An incredibly important paper on whether data can ever be "anonymized" and how we should handle release of large data-sets


Originally published at:


There is a big difference between a data breach and de-identification; the former presumes that the storage method is secure against unauthorized access, but the data is not. The later assumes the data is freely available, but does not contain identifying marks.

I think both are impossible to solve in any real-world way: there are too many holes in any large system to secure it perfectly against leaks, and many data sets are too complex to protect against a determined sleuth. We live in a world where we struggle to produce cryptographically-secure methods of hiding identity; the wrong pRNG can result in secrets being spilled. A de-identified dataset doesn’t even come close to this level of security; it is full of all kinds of identifying information. A typical dataset of genetic information is full of thousands of correlates with your identity. You cannot release this data in any meaningful sense (i.e., expose actual unique information about an individual, the whole point of releasing the data) without risking identification. To some extent this means that people who want their data to be shared “anonymously” must be made aware of, and accept, the risk of identification.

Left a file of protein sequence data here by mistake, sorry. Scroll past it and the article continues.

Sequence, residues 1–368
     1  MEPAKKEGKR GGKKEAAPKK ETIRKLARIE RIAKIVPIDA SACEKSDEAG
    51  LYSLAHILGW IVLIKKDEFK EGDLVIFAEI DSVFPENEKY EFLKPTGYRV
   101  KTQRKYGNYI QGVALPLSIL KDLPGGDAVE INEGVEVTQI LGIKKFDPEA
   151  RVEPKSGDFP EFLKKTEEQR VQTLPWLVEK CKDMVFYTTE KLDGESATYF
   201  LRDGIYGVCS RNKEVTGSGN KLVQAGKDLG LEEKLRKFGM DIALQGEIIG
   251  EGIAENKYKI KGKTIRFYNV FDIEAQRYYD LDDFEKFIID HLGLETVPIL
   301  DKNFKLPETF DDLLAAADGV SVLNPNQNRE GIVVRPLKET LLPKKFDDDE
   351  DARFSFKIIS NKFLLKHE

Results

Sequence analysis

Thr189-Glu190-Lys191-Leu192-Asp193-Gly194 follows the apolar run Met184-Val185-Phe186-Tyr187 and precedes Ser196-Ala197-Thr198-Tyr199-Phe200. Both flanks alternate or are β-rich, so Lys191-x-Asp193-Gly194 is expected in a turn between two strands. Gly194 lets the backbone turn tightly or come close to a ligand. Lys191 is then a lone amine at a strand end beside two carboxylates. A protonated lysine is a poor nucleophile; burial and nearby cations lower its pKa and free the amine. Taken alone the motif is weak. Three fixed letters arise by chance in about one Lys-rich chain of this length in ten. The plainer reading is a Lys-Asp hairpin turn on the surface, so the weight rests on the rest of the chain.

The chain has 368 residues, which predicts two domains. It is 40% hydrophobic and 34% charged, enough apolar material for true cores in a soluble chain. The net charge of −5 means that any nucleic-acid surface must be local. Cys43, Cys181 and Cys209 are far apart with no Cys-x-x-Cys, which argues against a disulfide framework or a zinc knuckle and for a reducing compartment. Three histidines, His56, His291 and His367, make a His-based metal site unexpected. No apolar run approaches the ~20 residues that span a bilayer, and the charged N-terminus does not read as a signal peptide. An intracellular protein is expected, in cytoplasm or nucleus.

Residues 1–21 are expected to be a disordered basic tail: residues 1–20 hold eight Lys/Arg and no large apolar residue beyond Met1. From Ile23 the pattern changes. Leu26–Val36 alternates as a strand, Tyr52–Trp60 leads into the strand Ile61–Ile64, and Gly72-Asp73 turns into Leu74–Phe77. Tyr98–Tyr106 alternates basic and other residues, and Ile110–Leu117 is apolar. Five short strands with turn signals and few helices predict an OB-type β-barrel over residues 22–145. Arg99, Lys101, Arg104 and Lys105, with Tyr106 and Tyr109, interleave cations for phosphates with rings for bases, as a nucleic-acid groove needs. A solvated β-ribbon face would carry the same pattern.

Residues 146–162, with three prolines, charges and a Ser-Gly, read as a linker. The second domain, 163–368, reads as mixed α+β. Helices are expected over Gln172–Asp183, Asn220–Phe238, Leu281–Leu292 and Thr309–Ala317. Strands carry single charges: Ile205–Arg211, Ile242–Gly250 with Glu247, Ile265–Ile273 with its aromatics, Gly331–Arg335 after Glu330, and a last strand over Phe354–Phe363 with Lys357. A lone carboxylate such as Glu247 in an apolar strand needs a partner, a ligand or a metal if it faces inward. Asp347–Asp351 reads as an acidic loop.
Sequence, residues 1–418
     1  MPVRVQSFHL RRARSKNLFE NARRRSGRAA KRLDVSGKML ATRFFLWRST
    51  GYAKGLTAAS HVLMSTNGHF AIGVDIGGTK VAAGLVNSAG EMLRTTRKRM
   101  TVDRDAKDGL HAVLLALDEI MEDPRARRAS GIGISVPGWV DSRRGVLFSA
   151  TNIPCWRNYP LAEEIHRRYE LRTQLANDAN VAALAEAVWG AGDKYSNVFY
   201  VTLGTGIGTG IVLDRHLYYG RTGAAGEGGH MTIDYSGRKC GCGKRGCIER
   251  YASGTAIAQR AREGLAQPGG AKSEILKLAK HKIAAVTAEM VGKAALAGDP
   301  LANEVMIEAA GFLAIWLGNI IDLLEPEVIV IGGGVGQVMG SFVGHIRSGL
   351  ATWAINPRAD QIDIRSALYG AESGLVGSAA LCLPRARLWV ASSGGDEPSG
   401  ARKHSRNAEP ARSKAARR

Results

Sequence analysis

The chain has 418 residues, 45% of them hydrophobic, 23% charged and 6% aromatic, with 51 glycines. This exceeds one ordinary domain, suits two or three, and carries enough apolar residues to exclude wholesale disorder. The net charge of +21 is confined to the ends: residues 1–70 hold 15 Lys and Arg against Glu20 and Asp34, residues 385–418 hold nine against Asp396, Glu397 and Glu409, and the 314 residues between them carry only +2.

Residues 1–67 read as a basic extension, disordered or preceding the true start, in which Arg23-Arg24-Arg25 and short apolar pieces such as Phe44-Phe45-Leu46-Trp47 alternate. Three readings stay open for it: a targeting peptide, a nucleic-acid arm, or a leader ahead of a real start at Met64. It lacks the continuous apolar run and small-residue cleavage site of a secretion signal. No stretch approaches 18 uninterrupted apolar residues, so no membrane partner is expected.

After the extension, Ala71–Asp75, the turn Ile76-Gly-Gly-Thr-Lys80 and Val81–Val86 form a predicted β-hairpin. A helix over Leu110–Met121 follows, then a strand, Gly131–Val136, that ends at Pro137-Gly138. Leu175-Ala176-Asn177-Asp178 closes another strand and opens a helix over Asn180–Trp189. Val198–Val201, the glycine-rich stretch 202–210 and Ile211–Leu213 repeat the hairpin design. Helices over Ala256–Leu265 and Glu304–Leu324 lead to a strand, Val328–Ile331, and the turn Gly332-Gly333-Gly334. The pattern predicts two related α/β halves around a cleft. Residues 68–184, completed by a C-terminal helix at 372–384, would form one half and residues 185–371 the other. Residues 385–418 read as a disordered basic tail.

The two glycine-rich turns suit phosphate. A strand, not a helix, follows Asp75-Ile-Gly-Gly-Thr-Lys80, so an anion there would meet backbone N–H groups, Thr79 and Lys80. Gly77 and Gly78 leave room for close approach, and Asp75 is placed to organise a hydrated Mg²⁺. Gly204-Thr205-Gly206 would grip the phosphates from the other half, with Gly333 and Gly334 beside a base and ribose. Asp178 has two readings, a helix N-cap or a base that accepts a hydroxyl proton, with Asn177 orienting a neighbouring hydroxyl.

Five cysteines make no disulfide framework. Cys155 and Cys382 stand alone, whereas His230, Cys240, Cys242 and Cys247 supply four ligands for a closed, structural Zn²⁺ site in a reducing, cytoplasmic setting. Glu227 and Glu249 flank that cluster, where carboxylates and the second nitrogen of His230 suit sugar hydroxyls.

A thousand times this. Once I worked at a company that conducted annual employee surveys. They promised feedback would be anonymous. I worked in a department with a few other women and POC, but I was the only combination of the two. So, I knew that the source of my comments could easily identified.


They should also be told point-blank that if data were truly, honest-to-goodly, for real “de-identified”, then it would be of little to no use.


This is the fact that no one wants to admit: if you a giving away a dataset that has potentially-useful correlations that you don’t understand, you can’t be surprised when someone teases out correlations that you didn’t expect. That was sort of the point. We’re basically just lying to ourselves about being able to throw these things out into the ether in the hope that it helps some stranger figure out how to help us. The only way to curate these datasets while respecting user privacy is under contract to select, vetted researchers, with the understanding that nothing is ever really anonymized.


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